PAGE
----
07.12.2016 | Nanyang Technological University

nachricht How to turn white fat brown
07.12.2016 | University of Pennsylvania School of Medicine

All articles from Health and Medicine >>>

The most recent press releases about innovation >>>

Die letzten 5 Focus-News des innovations-reports im Überblick:

Im Focus: Significantly more productivity in USP lasers

In recent years, lasers with ultrashort pulses (USP) down to the femtosecond range have become established on an industrial scale. They could advance some applications with the much-lauded “cold ablation” – if that meant they would then achieve more throughput. A new generation of process engineering that will address this issue in particular will be discussed at the “4th UKP Workshop – Ultrafast Laser Technology” in April 2017.

Even back in the 1990s, scientists were comparing materials processing with nanosecond, picosecond and femtosesecond pulses. The result was surprising:...

Im Focus: Shape matters when light meets atom

Mapping the interaction of a single atom with a single photon may inform design of quantum devices

Have you ever wondered how you see the world? Vision is about photons of light, which are packets of energy, interacting with the atoms or molecules in what...

Im Focus: Novel silicon etching technique crafts 3-D gradient refractive index micro-optics

A multi-institutional research collaboration has created a novel approach for fabricating three-dimensional micro-optics through the shape-defined formation of porous silicon (PSi), with broad impacts in integrated optoelectronics, imaging, and photovoltaics.

Working with colleagues at Stanford and The Dow Chemical Company, researchers at the University of Illinois at Urbana-Champaign fabricated 3-D birefringent...

Im Focus: Quantum Particles Form Droplets

In experiments with magnetic atoms conducted at extremely low temperatures, scientists have demonstrated a unique phase of matter: The atoms form a new type of quantum liquid or quantum droplet state. These so called quantum droplets may preserve their form in absence of external confinement because of quantum effects. The joint team of experimental physicists from Innsbruck and theoretical physicists from Hannover report on their findings in the journal Physical Review X.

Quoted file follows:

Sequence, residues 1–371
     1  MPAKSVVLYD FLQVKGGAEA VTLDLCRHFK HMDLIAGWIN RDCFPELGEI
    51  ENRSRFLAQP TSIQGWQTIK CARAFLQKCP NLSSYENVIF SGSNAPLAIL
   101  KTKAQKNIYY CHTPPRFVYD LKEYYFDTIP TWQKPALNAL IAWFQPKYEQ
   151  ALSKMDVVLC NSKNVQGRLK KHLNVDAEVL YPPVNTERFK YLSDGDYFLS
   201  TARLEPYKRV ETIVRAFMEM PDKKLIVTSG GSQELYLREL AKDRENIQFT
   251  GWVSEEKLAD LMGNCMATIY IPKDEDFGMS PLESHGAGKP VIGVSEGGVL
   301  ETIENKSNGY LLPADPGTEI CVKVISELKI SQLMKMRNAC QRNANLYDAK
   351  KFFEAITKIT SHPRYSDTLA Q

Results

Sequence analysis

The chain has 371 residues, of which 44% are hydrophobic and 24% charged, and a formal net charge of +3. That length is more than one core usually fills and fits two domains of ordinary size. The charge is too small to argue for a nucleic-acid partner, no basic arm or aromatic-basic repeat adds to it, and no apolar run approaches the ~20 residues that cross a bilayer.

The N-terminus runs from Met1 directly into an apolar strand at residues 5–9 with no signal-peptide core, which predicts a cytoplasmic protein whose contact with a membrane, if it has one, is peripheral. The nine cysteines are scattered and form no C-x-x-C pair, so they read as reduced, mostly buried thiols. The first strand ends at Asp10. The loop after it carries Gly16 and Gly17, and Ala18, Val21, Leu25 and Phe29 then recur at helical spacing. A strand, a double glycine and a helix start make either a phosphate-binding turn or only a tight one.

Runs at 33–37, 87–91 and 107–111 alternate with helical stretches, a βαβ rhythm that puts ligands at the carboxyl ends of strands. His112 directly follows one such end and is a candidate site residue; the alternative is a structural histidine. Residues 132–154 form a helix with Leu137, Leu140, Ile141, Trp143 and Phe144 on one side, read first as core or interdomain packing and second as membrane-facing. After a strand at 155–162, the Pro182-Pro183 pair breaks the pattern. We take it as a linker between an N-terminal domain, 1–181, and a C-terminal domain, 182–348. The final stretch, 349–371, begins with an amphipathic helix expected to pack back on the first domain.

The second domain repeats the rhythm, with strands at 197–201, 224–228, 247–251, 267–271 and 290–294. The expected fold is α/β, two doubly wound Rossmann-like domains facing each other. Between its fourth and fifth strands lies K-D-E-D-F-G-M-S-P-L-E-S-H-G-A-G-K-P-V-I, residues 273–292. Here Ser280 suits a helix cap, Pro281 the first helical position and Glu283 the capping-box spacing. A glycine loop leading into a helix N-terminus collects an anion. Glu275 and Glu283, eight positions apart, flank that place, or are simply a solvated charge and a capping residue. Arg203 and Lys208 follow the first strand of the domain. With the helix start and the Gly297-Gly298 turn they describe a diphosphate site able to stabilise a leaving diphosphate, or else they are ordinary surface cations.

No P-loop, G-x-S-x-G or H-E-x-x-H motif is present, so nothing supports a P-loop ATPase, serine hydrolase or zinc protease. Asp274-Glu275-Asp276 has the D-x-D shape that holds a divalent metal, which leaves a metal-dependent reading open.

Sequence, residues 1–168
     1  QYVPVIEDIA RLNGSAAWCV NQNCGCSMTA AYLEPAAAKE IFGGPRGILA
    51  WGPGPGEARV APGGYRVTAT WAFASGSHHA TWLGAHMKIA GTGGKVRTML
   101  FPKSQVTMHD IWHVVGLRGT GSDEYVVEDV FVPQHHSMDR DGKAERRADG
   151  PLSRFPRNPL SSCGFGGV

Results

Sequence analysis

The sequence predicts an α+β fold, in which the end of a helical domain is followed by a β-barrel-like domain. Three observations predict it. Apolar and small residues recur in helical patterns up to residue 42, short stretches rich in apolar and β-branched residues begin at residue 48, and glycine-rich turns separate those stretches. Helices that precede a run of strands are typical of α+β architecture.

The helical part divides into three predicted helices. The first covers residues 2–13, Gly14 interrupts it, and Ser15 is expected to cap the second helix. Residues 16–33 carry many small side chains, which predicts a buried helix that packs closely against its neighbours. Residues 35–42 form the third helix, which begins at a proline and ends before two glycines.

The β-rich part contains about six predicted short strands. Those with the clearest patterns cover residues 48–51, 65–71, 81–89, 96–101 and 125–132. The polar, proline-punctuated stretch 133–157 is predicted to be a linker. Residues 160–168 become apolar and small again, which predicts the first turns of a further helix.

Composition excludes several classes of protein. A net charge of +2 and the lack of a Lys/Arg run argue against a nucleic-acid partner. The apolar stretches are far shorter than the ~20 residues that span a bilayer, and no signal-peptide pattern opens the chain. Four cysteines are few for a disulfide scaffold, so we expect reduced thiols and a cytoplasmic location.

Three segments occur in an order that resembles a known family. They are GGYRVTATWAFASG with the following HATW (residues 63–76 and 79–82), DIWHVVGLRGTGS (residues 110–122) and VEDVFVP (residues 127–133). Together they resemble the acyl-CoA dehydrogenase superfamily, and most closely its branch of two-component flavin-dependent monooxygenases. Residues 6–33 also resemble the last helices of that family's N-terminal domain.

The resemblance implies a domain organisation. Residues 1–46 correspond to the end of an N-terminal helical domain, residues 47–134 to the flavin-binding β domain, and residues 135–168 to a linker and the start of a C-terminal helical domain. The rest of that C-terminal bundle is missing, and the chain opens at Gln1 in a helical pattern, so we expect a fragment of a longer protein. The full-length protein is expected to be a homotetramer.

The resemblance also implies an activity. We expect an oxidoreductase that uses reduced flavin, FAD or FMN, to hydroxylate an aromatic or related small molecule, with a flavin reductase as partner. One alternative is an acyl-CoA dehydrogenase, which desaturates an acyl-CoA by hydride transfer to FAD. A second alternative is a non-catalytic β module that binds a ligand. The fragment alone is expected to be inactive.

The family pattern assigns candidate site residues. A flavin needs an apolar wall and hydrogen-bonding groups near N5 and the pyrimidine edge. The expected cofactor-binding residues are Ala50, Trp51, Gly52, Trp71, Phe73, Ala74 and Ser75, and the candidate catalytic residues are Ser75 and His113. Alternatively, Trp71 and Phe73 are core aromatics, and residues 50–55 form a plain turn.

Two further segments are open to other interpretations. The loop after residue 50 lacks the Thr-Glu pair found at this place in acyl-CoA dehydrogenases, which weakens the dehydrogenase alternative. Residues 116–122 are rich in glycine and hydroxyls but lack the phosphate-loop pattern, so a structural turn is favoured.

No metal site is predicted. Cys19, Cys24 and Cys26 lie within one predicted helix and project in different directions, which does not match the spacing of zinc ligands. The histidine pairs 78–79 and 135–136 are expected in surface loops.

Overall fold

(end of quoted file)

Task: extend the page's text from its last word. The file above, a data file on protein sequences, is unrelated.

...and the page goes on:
“Our Quantum droplets are in the gas phase but they still drop like a rock,” explains experimental physicist Francesca Ferlaino when talking about the...

Im Focus: MADMAX: Max Planck Institute for Physics takes up axion research

The Max Planck Institute for Physics (MPP) is opening up a new research field. A workshop from November 21 - 22, 2016 will mark the start of activities for an innovative axion experiment. Axions are still only purely hypothetical particles. Their detection could solve two fundamental problems in particle physics: What dark matter consists of and why it has not yet been possible to directly observe a CP violation for the strong interaction.

The “MADMAX” project is the MPP’s commitment to axion research. Axions are so far only a theoretical prediction and are difficult to detect: on the one hand,...

All Focus news of the innovation-report >>>

Anzeige

Anzeige

Event News

ICTM Conference 2017: Production technology for turbomachine manufacturing of the future

16.11.2016 | Event News

Innovation Day Laser Technology – Laser Additive Manufacturing

01.11.2016 | Event News

#IC2S2: When Social Science meets Computer Science - GESIS will host the IC2S2 conference 2017

14.10.2016 | Event News

 
Latest News

NTU scientists build new ultrasound device using 3-D printing technology

07.12.2016 | Health and Medicine

The balancing act: An enzyme that links endocytosis to membrane recycling

07.12.2016 | Life Sciences

How to turn white fat brown

07.12.2016 | Health and Medicine

VideoLinks
B2B-VideoLinks
More VideoLinks >>>